From the unique to the extreme, and a few dotted in-between, here are the best pieces of 2017.
I can’t say that 2017 was the best year for watches ever; I don’t think you could say that about any year. There were however a fair few surprises spread throughout the year and, as ever, some truly extraordinary pieces of horology.
So, from the unique to the extreme and a few dotted in-between here are, in no particular order what I consider to be the best pieces of 2017. Oh, and if I’ve missed your favourite… well, you won’t be the only one.
Zenith DefyEl-Primero Defy Lab
Now, I’m with the majority of people out there that think Zenith’s headline-stealing watch isn’t exactly a looker. The aluminium foam case looks at once flashy and trashy and the skeletonised dial really isn’t for me. It is however one of the few genuinely new ideas to crop up in a year otherwise dominated by vintage reissues.
Time will tell whether or not Zenith’s new oscillator will be truly revolutionary (odds are on not) but it’s a magnificent idea. It replaced the most vital part of the watch and, vibrating at ridiculous frequencies, sounds like a helicopter trapped in a watch body. It actually got me excited in Zenith again, and that’s worth it’s place alone.
ChanelMontre de Monsieur
I wasn’t really too surprised when Chanel’s first serious men’s collection came out. I had high hopes and it more than met them. After all, the J12 has been one of the key women’s pieces since launch and the fashion house was overdue to make the leap to male wrists.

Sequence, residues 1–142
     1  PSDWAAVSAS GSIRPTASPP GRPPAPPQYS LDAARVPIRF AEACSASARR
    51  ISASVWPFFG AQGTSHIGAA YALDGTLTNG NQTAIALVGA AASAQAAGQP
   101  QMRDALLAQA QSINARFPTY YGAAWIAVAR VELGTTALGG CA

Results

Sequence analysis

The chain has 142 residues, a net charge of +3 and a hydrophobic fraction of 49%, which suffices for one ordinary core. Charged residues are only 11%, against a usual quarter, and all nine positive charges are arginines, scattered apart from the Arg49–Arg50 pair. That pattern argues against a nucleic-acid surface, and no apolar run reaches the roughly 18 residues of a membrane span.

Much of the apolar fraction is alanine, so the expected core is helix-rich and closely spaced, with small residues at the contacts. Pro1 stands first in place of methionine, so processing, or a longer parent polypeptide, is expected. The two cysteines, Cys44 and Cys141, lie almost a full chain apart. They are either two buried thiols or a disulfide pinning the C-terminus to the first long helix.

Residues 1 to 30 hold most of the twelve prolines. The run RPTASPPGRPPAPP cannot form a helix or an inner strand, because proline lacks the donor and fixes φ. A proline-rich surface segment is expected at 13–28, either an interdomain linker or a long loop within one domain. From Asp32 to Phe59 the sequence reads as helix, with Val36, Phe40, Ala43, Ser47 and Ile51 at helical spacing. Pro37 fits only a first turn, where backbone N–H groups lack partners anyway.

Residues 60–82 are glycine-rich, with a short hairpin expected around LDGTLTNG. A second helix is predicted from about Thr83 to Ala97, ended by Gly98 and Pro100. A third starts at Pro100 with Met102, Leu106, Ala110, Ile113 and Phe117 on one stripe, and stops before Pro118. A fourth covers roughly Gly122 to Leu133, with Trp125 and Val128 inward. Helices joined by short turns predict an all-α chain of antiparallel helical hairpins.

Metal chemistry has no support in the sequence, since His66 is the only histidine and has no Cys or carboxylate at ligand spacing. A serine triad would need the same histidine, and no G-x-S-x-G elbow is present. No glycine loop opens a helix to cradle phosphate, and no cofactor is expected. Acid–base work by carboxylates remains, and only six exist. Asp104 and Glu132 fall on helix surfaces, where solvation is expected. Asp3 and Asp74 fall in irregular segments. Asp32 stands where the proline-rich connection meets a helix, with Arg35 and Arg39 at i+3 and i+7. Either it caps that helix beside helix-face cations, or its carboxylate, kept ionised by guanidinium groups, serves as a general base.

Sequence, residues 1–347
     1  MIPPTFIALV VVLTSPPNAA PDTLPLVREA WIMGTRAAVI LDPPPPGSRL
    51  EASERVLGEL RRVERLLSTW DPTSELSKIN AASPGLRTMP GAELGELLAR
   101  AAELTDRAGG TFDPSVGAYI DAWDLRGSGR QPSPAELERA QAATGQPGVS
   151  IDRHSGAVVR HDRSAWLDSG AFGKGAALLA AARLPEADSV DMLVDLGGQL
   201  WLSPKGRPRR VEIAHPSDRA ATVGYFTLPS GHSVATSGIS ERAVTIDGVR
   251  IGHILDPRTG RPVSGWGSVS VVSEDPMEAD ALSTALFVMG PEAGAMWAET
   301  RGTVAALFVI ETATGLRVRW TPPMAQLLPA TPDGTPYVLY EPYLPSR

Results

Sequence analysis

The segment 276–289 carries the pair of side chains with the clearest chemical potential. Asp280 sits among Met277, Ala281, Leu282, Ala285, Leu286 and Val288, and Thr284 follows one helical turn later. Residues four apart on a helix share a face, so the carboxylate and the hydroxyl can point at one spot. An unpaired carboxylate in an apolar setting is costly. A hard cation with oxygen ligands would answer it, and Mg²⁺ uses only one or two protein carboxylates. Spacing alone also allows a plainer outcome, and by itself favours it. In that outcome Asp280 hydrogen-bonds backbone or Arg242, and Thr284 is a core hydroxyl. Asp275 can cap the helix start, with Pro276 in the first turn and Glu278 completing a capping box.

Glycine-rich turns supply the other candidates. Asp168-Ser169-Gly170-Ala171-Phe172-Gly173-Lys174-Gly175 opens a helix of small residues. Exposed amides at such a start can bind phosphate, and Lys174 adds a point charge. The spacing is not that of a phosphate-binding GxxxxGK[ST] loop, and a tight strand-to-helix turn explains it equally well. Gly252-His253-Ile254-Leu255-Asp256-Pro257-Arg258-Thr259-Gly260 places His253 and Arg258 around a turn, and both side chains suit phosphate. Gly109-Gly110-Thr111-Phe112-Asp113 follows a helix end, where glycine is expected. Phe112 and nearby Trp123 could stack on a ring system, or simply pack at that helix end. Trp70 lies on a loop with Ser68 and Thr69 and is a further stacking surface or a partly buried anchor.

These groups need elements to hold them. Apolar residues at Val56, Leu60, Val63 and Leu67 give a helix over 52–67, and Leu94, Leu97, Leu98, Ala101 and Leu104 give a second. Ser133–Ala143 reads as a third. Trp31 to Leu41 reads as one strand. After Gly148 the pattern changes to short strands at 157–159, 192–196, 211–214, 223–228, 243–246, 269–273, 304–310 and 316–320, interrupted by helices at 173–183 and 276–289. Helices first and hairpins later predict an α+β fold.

Along with the near-perfect dial design, the Monsieur includes Chanel’s first in-house movement, signalling the transition from well-made fashion watches to serious watchmaking. That’s all the more impressive given that this is a jumping hour retrograde minutes watch – not your everyday movement.
Nomos GlashutteTangente Neomatik 39 Silvercut
Many brands have tried the ‘less is more’ approach; some have even succeeded. Sometimes. None have quite the concise, confident hand at it like Nomos Glashutte. Painfully cool, affordably-priced and fit for slimmer wrists… there’s no way I couldn’t put them on the list somewhere.
This version however isn’t quite as simple as the others. It has the same ultra-thin movement and slimline case as their other models, but the ‘silvercut’ brushed dial is something else entirely. Combined with bright blue hands and gold moniker on the dial, it creates a beautiful timepiece with the minimum of fuss. I’m waiting for Nomos to do something awful at some point but it looks like I’ll be waiting a while.
I had my doubts about adding a chronograph to the otherwise minimal (for a diving watch) Black Bay but I really didn’t need to be. I had it on my wrist for a week and never wanted to take it off.
It still has everything that made the original the successful re-launchpad for Tudor as a whole – the serious diving feel, the unique Tudor touches, the classic submariner case – and balances the clean look of the original with the more technical nature of a chronograph. It’s definitely the diving watch of the year, just edging out the great Rado Captain Cook reissue.
ChopardL.U.C Full Strike
It’s always hard to separate the headline-grabbing haute horology pieces of the year. Anything with a tourbillon alone has just become boring so it takes a lot for a watch to sound above the white noise. Fitting then that Chopard’s haute horology arm has taken that literally with the L.U.C. Full Strike.
Winner of the GPHG‘Aiguille d’Or’ Grand Prix and celebrating Chopard’s 20th watchmaking anniversary, the minute repeater sounds hours, quarters and minutes on sapphire crystal chimes. There’s just no comparison between this and the usual repeaters on metal gongs. It’s a beautiful sound from one hell of a watch.
Writer: Sam Kessler